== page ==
The Internet changed the way the world lives and does business. Many robust companies launched during the dot-com bubble, such as Google, Yahoo, and Amazon. Dwarfing the number of these companies, however, was the number of fly-by-night companies with no long-term vision, no innovation and often no product at all. Because investors were swept up in dot-com mania, these companies still attracted millions of investment dollars, many even managing to go public without ever releasing a product to the market.
A Nasdaq sell-off in March 2000 marked the end of the dot-com bubble. The recession that followed was relatively shallow for the broader economy but devastating for the tech industry. The Bay Area in California, home to tech-heavy Silicon Valley, saw unemployment rates reach their highest levels in decades.
The 2000s Real Estate Bubble/The Great Recession
Many factors coalesced to produce the 2000s real estate bubble. The biggest were low interest rates and significantly relaxed lending standards. As house fever spread like a drought-fueled conflagration, lenders, particularly those in the high-risk arena known as subprime, began competing with each other on who could relax standards the most and attract the riskiest buyers. One loan product that best embodies the level of insanity reached by subprime lenders in the mid-2000s is the NI-NA-NE loan; no income, no assets and no employment verification were required for approval. (See also: Recessions and Depressions Aren’t So Bad)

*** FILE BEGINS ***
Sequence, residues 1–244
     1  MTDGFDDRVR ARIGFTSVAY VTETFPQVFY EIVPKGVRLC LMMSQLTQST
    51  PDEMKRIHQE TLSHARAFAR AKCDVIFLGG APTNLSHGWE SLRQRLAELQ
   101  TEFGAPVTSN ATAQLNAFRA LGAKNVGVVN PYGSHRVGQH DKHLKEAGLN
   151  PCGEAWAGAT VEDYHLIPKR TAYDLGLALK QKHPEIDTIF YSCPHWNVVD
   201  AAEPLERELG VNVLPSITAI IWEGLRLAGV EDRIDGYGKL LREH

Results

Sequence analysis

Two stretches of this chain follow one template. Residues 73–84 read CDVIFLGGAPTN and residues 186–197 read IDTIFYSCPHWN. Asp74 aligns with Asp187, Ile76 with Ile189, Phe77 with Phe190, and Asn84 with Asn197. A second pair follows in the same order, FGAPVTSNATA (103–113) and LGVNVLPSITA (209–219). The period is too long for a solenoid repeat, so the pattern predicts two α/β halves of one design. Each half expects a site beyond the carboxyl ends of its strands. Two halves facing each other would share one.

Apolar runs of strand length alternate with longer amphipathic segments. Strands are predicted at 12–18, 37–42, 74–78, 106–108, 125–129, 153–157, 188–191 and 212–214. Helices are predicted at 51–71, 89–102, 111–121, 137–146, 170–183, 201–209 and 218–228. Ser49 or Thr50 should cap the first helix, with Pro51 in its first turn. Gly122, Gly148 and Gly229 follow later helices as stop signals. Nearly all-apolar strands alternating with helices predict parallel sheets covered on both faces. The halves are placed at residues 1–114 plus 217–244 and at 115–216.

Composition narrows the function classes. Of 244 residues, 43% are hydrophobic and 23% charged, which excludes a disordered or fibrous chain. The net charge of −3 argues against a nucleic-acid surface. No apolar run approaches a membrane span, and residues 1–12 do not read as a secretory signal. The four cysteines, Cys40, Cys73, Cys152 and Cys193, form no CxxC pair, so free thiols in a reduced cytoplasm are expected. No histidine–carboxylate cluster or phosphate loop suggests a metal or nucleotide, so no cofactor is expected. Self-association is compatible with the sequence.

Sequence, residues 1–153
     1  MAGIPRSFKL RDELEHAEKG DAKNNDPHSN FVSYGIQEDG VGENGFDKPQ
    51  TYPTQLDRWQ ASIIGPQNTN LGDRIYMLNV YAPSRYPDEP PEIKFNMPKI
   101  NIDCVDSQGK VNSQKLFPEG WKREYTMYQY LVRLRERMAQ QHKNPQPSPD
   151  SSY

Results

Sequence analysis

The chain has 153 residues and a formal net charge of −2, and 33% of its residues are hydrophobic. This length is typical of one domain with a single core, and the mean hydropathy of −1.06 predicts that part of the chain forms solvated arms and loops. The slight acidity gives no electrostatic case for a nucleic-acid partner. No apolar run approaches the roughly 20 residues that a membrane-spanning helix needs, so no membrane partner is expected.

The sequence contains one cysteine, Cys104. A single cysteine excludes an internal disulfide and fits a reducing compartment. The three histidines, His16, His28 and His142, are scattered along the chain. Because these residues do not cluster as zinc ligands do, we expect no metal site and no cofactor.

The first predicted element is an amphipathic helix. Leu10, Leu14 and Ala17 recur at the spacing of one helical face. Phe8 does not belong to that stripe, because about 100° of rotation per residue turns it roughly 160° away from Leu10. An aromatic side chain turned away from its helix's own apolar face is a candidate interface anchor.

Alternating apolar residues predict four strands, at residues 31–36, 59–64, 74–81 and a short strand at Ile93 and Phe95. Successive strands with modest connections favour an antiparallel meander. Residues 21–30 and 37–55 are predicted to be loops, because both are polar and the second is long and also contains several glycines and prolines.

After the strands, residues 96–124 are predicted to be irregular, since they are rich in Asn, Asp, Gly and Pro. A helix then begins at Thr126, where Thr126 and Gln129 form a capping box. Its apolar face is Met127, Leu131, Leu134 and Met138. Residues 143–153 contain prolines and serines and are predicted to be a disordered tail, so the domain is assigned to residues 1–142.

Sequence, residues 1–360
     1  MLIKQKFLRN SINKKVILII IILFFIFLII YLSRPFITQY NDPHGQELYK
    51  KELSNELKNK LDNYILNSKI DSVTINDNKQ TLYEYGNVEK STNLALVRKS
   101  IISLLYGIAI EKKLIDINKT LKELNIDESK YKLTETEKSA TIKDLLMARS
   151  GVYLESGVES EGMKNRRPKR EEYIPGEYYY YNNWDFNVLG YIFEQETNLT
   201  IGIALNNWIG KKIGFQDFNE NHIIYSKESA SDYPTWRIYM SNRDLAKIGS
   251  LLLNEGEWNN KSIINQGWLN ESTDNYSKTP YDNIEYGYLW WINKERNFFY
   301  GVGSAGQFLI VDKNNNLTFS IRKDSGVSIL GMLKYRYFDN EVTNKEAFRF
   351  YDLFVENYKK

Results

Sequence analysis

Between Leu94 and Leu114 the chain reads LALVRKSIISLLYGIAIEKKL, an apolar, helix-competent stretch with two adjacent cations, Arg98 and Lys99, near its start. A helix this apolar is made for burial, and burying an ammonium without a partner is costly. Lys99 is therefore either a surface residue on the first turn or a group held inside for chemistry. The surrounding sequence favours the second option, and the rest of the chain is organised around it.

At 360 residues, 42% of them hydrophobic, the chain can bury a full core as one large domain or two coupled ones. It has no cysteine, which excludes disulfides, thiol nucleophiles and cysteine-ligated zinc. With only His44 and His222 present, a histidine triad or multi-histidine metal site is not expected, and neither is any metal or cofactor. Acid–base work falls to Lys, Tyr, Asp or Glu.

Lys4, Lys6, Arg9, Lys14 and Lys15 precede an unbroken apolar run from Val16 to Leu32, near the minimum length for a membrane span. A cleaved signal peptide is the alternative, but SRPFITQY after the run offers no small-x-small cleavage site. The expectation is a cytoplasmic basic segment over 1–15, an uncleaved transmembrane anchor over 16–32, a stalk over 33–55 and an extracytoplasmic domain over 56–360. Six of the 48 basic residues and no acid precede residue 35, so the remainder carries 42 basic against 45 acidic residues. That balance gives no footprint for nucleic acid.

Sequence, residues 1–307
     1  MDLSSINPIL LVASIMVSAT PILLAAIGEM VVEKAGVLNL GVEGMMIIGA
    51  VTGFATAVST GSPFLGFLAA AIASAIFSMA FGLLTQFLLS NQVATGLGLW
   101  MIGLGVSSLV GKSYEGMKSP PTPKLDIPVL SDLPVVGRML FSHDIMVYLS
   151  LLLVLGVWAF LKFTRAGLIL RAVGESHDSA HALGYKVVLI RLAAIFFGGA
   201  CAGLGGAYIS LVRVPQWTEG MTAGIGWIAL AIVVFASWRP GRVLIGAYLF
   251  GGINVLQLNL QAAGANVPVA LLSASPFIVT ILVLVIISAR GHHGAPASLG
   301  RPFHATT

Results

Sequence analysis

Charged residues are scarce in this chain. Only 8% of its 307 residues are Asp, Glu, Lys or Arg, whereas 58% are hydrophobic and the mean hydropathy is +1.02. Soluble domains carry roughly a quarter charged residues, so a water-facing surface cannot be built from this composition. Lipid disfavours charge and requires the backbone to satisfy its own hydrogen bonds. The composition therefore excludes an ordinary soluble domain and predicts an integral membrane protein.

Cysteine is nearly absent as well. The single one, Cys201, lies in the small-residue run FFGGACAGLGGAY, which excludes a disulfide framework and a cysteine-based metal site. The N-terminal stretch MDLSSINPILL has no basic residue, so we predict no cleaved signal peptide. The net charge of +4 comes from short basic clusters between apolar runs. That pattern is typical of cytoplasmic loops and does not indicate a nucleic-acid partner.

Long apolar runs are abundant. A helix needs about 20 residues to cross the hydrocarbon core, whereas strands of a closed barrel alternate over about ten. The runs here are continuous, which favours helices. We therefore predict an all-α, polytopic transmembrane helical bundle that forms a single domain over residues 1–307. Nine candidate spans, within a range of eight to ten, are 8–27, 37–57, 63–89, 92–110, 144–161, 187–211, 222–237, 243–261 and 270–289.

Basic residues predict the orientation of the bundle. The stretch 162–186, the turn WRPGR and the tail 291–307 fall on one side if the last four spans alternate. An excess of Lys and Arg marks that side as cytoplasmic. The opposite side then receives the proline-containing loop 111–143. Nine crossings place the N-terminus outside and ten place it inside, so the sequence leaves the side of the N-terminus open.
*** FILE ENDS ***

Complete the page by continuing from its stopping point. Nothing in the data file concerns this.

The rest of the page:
For much of the 2000s, getting a mortgage was easier than getting approved to rent an apartment. As a result, demand for real estate surged. Real estate agents, builders, bankers, and mortgage brokers frolicked in the excess, making piles of money as easily as the 1980s Masters of the Universe portrayed in Tom Wolfe’s “Bonfire of the Vanities.”
As one might expect, a bubble fueled in large part by the practice of loaning hundreds of thousands of dollars to people unable to prove they had assets or even jobs was unsustainable. In certain parts of the country, such as Florida and Las Vegas, home prices began to tumble as early as 2006. By 2008, the entire country was in full economic meltdown. Large banks, including the storied Lehman Brothers, became insolvent, a result of tying up too much money in securities backed by the aforementioned subprime mortgages. Housing prices tumbled by more than 50% in some areas. As of 2015, the majority of Americans feel the economy still has not fully recovered from the Great Recession.